- ItemOpen AccessElemental (2016)(Colorado State University. Libraries, 2016-04-01) Unidentified speaker; Colorado State University. Department of Design and Merchandising, producerThe notion of "Elemental" represents both the great beauty and the tumultuous unpredictability of our world. The theme came from fashion forecasting research on WGSN, a global trend forecasting service. The event, presented by the Department of Design and Merchandising, highlights 22 collections created by graduating apparel design students in an unforgettable full-stage theatrical production. Forty-eight models will feature 106 exquisite garments produced during the designers' academic careers, involving everything from sketching and pattern-making to garment construction. It is a showcase of diverse collections, including children's wear, men's wear, contemporary design and bridal fashions.
- ItemOpen AccessEmpowering or alienating communities: conservation in Maasailand, East Africa(Colorado State University. Libraries, 2011-09) Goldman, Mara J., speaker; Unidentified speakerRangelands used by Maasai pastoral and agro-pastoral communities in northern Tanzania and southern Kenya also provide essential wet season forage for various wildlife species. In an effort to assure the continued availability of such pastures for wildlife, various forms of community-based conservation have been implemented throughout Maasai village lands. Costs, benefits, and community participation processes vary with the model used and the communities involved. I compare and contrast the different approaches to highlight how conservation interventions can be either empowering or alienating to the communities at hand. I suggest that participation based on respect for local knowledge and skills is key to empowering communities through conservation. I also argue that participation as well as the degree to which a project is succeeding at benefiting pastoralists is related to whether or not it is succeeding at protecting wildlife.
- ItemOpen AccessEnvironmental aesthetics in China: East West dialogue(Colorado State University. Libraries, 2015-05-01) Rolston, Holmes, 1932-, speaker; Unidentified speakerLecture by Holmes Rolston III presented in Wuhan, China, at the Environmental Aesthetics and Beautiful China International Conference, May 20-23, 2015. 1. Art and Nature: Chinese Landscape as a Work of Art? 2. Urban, Rural, Wild: Are the Chinese Three Dimensional Persons? 3. Residence in Place: Is China Like No Place Else on Earth? 4. Ugly? What on Chinese Landscapes Is Ugly? 5. Environmental Aesthetics and Ecological Aesthetics: Beautiful China, Ecosystemic China? 6. Environmental Aesthetics and Environmental Policy: Beautiful China, Saving China?
- ItemOpen AccessThe first dean: Don Dobler, Dean 1966-1986(Colorado State University. Libraries, ) Dobler, Don, speaker; Everitt, Bob, speaker; Unidentified speakerDon Dobler discusses being the first dean of the newly designated College of Business and the forming of its academic program. Includes comments from Bob Everitt.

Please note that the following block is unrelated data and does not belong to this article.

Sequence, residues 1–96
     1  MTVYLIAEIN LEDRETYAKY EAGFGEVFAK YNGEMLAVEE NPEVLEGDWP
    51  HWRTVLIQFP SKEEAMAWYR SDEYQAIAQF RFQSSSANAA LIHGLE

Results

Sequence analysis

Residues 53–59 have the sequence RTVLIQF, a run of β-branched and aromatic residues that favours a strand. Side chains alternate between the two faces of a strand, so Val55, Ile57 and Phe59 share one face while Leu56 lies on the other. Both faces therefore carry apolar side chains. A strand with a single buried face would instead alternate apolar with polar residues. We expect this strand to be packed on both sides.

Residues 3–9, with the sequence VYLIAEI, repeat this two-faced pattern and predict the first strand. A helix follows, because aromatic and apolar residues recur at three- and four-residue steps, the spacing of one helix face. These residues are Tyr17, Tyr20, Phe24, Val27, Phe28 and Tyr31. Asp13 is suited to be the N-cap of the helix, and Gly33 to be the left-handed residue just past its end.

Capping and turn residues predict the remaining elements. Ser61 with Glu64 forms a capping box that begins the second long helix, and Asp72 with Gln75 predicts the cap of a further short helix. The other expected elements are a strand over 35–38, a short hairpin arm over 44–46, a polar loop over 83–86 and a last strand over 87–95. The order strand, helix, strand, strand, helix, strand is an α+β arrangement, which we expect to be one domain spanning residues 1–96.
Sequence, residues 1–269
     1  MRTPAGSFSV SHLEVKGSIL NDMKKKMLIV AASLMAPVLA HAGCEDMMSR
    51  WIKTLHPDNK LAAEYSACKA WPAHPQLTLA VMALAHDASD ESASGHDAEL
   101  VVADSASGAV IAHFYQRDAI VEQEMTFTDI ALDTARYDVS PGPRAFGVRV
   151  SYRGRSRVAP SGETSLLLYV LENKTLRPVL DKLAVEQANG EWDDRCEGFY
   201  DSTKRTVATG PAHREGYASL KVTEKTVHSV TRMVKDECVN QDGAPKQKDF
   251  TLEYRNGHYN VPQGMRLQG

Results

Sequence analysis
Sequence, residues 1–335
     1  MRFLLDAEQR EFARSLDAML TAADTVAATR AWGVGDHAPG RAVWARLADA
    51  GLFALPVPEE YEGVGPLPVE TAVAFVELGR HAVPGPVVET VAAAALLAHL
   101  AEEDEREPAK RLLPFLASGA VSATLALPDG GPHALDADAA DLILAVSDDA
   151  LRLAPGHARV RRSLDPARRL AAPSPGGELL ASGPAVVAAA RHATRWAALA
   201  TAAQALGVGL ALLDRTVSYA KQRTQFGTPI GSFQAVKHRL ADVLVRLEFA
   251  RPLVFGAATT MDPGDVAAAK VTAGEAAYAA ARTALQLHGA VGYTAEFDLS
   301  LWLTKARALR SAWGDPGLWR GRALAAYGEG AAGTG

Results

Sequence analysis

- ItemOpen AccessThe first dean: Don Dobler, Dean 1966-1986: excerpt(Colorado State University. Libraries, ) Dobler, Don, speaker; Everitt, Bob, speaker; Unidentified speakerExcerpt from: The First Dean: Don Dobler, Dean 1966-1986 recording.
- ItemOpen AccessFood sovereignty and home gardens in northern Nicaragua(Colorado State University. Libraries, 2012-03) Boone, Karie, speaker; Unidentified speakerCentral America stands out not only for its great concentration of endemic animal and plant species, but also for its large variety of climates and ecosystems. This biodiversity has historically contributed to rich soils for agricultural production that allow local farmers to create and sustain their livelihoods. However, impacts of climate change are expected to decrease productive capacity of coffee and staple crops that farmers depend on to meet their daily caloric needs. Non-governmental organizations and participatory researchers share concerns about increasing food insecurity in local communities due to the impacts of climate change on coffee growing regions throughout Nicaragua. As a potential strategy to mitigate the projected negative impacts of climate change while affording more farmer control over their food system, home gardens are being promoted by development organizations in this region. This presentation will share preliminary findings from my research on home gardens as a potential food sovereignty strategy. I will ask if farmers are interested in achieving food sovereignty and if home gardens are an effective strategy for doing so. I give an overview of a model for international collaborative conservation, highlighting my encounter with the model's challenges and opportunities in practice.